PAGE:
By 1924, however, the lion was firmly in place as the mascot for the school when the Class of 1899 took on the task of making the lion’s presence official for their 25th reunion (and Columbia’s 170th anniversary) by presenting a bronze lion to the University to be placed on a rocky outcropping at Baker Field, overlooking the football practice field. American animalier sculptor Frederick Roth was commissioned to sculpt the lion and McKim, Meade & White the pedestal.[4]  Roth was selected because of his artistic credentials, including being the president of the National Sculpture Society and the sculptor of the Princeton Tiger.[5] On June 4, 1924 the Columbia Lion was presented with great fanfare by Pres. Butler, standing on its rocky outcropping.[6] It was later moved to ground-level at Baker Field where it stands today.

Eighty years later, the sculptor Greg Wyatt brought the Scholars’ Lion to Columbia. Wyatt attended Columbia College like his father, Stanley Wyatt (CC’43 and GSAS’47), and graduated with a major in Art History in 1971.[7] The elder Wyatt was a member of the faculty teaching fine arts.[8] The younger Wyatt currently is sculptor-in-residence at the Cathedral of St. John the Devine, where his most famous public outdoor sculpture, Peace Fountain, can be seen. The sculptor was commissioned by the Class of 1996 to create a bronze lion for the Morningside campus, with additional funds provided by the Classes of ’71 and ’95.[9] One member of the committee wrote:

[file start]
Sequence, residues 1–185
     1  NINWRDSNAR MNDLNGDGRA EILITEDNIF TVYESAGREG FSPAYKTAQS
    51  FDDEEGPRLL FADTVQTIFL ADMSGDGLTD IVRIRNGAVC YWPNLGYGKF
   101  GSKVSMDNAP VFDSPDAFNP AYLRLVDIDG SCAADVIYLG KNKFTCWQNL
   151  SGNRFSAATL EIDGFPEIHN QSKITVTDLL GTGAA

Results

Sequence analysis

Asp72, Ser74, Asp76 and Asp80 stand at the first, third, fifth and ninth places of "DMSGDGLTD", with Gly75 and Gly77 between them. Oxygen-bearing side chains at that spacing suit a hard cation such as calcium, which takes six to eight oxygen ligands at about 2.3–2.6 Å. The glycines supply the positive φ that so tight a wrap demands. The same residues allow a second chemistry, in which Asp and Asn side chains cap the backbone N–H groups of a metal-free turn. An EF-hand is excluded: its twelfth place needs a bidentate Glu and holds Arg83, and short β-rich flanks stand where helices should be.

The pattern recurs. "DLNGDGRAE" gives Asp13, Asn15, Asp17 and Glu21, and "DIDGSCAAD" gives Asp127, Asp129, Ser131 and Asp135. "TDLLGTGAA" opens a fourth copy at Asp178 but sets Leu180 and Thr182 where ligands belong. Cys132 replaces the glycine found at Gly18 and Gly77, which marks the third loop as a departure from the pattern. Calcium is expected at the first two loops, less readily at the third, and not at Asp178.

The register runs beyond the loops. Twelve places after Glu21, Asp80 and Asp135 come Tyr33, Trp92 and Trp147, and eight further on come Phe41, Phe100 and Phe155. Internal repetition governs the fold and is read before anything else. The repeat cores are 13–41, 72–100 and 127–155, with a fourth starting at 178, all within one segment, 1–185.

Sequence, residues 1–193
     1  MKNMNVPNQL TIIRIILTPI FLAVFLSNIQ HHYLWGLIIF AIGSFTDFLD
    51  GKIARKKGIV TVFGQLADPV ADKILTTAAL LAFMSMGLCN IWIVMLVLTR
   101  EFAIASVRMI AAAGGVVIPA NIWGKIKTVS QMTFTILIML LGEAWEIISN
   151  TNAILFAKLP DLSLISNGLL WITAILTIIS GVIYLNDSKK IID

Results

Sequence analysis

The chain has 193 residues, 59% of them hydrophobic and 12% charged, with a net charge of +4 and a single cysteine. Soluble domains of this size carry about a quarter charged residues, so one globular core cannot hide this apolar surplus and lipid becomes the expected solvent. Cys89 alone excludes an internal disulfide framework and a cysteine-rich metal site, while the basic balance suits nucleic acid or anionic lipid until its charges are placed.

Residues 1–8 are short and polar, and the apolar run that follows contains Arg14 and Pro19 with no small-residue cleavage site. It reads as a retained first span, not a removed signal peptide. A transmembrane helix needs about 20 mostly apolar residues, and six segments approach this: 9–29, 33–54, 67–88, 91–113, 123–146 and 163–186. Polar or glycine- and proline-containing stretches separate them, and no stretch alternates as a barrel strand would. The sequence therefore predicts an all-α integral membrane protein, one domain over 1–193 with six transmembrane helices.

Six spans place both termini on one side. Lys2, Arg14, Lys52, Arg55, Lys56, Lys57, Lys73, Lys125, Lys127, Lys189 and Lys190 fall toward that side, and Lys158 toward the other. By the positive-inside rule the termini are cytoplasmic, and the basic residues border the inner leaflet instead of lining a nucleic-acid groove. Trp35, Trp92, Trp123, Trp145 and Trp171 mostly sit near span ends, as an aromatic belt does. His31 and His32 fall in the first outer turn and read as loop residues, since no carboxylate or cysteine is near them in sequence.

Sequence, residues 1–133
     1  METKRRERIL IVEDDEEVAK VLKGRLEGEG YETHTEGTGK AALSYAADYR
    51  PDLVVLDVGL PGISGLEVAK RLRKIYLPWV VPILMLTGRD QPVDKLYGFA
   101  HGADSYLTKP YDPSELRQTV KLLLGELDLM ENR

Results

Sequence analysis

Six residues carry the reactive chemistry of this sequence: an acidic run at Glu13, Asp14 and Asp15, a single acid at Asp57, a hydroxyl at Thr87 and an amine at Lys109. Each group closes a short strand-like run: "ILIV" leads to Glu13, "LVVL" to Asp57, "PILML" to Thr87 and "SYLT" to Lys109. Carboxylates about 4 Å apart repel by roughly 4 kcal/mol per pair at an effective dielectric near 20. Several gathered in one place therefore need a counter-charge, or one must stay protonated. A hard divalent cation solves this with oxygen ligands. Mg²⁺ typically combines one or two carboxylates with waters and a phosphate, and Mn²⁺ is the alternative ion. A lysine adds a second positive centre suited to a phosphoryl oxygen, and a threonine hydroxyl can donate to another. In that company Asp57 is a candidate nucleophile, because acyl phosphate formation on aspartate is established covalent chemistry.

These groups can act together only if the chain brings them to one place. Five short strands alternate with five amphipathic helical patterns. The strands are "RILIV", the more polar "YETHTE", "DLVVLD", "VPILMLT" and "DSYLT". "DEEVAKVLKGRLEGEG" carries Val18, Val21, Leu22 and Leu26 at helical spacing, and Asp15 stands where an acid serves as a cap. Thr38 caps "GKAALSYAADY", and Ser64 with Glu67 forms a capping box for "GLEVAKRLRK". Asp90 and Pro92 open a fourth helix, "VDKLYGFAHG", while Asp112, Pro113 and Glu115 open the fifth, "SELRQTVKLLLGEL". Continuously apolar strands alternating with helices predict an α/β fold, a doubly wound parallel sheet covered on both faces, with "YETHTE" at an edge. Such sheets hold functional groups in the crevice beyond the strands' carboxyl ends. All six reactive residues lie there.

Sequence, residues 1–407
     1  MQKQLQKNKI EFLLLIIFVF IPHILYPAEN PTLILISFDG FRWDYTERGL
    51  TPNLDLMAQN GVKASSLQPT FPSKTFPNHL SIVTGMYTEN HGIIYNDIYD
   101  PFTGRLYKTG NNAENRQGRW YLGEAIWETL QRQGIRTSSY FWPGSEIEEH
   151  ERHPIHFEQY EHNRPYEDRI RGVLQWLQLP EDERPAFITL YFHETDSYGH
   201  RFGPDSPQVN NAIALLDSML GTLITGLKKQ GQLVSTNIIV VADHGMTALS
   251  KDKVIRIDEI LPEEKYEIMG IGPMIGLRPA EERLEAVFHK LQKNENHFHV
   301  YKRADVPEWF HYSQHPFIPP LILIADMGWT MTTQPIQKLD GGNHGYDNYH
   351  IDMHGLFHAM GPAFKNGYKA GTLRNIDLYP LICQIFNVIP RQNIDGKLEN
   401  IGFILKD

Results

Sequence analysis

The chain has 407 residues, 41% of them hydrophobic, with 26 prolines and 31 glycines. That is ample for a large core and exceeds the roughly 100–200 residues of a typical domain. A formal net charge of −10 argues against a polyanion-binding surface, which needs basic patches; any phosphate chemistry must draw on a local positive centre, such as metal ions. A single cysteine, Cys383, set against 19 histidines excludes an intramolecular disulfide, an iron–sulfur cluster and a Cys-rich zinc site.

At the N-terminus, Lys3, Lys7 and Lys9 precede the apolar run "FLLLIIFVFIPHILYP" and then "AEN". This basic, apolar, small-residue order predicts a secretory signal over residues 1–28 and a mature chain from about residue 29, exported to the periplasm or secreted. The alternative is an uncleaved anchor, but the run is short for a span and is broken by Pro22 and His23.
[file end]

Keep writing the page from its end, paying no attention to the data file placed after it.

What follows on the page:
For far too long, Columbia students have had to sustain the lion’s spirit in their hearts without the inspiration of a tangible image on campus. Now that roaring gap is being redressed. Greg’s work will no doubt provide a new, mane focus for campus life. We may longer be King’s College, but we can still celebrate the “King of the Jungle.”[10]

Wyatt produced multiple sketches and at least two models, the first versions of which were described as being too anthropomorphic and lacking in ferocity. Wyatt responded with more drawings and worked the models tirelessly, finally settling on the depiction seen today, with the lion walking and his mouth open, exposing his teeth.[11] The original site for the sculpture was supposed to be outside John Jay Hall, but University Administration decided instead that the sculpture should mark the entrance to the Dodge Fitness Center because of the mascot’s ties to athletics. On April 7, 2004, Scholars’ Lion was unveiled in a public ceremony that coincided with Columbia’s 250th anniversary.[12]